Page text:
Internet governance governance is influenced through tensions of both domestic and international policies. In 2010 Mueller suggested four policy areas drove internet governance debates: intellectual property protection, content control, cyber security, and critical internet resources,1 a list that should be updated to include surveillance and data retention. Debates around these issues illuminate overlapping tensions between states employing Westphalian ideologies to enforce territorial policy regimes to exclude outside influence, states others attempting to affirm domestic authority including through data localization proposals, and states seeking extraterritorial control of content or access to data.
The future growth of the internet will potentially destabilize existing power dynamics. What is needed is a third-way approach that provides a middle ground between extraterritorial policy regimes and domestic sovereignty and offers a way forward for the swing states in the internet governance debate. Following an analysis of sovereignty in debates of internet governance, this paper offers information interdependence as a way forward with examples across five issue areas that impact internet governance debates.
Continue reading in Beyond NETMundial: The Roadmap for Institutional Improvements to the Global Internet Governance Ecosystem or download the article here.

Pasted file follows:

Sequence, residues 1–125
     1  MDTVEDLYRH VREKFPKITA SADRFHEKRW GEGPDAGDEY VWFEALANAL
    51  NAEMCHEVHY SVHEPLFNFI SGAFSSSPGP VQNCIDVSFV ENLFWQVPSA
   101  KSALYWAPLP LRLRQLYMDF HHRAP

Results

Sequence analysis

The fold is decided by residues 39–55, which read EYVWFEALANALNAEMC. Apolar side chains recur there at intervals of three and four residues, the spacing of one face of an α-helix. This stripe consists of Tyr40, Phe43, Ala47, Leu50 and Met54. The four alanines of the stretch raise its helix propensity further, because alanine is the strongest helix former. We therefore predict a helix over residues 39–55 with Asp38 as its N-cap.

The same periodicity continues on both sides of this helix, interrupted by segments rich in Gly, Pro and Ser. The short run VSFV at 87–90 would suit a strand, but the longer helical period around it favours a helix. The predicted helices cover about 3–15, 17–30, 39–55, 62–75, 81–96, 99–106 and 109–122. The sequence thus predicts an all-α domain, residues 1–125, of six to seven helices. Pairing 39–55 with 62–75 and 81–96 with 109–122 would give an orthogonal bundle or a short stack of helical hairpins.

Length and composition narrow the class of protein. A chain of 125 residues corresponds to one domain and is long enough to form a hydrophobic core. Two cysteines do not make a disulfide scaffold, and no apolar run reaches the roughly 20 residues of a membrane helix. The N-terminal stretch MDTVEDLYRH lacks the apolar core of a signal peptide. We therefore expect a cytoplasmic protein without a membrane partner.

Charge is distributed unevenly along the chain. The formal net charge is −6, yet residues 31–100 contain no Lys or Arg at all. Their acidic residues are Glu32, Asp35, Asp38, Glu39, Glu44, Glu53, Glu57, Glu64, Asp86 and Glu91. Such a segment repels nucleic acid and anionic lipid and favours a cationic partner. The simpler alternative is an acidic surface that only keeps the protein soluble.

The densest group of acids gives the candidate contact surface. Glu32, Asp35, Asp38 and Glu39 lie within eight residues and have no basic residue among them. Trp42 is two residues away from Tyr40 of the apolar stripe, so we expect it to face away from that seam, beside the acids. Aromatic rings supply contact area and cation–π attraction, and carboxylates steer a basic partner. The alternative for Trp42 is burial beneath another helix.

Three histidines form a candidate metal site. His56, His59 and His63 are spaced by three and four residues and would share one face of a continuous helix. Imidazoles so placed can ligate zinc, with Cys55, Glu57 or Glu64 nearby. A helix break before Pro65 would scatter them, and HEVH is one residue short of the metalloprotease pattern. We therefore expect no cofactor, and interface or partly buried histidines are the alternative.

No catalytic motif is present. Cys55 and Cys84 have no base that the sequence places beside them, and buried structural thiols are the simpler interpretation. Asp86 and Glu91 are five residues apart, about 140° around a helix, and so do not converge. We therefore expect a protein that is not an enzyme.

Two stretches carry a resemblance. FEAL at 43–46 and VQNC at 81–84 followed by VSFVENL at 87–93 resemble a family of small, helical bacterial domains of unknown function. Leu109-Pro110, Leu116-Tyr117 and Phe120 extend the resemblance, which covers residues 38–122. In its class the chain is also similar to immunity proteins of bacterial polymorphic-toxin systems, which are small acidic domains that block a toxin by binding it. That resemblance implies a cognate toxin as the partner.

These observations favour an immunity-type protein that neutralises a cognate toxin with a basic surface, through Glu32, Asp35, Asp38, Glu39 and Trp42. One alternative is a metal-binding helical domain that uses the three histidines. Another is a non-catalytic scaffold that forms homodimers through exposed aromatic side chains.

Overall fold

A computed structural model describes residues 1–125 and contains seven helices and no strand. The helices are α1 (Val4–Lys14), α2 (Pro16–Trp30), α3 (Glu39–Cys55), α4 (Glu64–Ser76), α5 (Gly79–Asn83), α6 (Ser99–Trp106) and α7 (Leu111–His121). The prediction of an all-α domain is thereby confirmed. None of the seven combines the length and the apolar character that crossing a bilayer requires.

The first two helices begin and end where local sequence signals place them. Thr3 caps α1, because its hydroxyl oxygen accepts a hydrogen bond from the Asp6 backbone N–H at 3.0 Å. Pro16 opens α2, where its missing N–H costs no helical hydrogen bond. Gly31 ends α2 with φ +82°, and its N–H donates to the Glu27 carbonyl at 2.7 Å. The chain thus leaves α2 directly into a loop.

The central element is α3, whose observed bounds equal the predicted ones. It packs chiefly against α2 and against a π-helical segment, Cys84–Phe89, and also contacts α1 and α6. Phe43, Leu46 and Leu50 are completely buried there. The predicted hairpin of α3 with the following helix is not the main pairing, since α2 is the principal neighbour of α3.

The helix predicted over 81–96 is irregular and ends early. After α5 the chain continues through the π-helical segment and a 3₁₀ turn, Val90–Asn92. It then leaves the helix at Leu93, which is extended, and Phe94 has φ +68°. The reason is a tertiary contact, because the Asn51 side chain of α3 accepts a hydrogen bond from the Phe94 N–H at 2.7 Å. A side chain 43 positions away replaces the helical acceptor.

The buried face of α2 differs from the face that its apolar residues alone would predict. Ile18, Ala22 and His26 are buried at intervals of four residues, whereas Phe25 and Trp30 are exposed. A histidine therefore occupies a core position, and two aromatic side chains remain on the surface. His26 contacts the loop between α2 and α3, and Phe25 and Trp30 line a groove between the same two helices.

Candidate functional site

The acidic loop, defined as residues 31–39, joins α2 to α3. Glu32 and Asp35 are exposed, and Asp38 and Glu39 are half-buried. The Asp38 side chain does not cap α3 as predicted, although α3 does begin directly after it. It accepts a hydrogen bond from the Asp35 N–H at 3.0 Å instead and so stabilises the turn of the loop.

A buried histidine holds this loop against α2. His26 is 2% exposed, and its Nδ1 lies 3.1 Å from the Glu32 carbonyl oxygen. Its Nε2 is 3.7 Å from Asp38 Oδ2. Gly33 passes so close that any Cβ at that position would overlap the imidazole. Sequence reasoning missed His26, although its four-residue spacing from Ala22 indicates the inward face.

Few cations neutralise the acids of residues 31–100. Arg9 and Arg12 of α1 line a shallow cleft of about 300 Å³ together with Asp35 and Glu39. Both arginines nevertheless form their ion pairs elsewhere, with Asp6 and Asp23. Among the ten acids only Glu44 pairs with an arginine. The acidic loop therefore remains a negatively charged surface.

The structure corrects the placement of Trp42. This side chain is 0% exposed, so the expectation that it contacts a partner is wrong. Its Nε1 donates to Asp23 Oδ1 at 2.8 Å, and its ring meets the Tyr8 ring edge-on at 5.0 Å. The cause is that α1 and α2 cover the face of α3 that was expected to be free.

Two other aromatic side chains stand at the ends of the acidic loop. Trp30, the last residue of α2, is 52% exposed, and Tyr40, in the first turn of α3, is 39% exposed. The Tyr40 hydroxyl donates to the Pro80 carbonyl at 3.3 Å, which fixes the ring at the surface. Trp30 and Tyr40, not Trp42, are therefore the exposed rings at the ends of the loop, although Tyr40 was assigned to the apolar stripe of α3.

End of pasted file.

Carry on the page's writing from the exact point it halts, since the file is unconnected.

I have a new article out in the Journal of Information Policy on the ACTA debate in Europe analyzing the role of civil society along the dimensions of multi-level politics as well as the need to differentiate between public advocacy (such as protests) and institutional advocacy (engaging with policy making institutions). My findings document that advocacy efforts did defeat ACTA, but it took more than the decentralized protests that are more commonly associated with internet advocacy. Key factors in defeating ACTA were the five-years of network building preceding the protests, the catalyzing role of the defeat of SOPA/PIPA in the United States and early protests in Poland, and the central role played by civil society organizations in bridging horizontal networks of decentralized protests to the institutional body of European Parliament.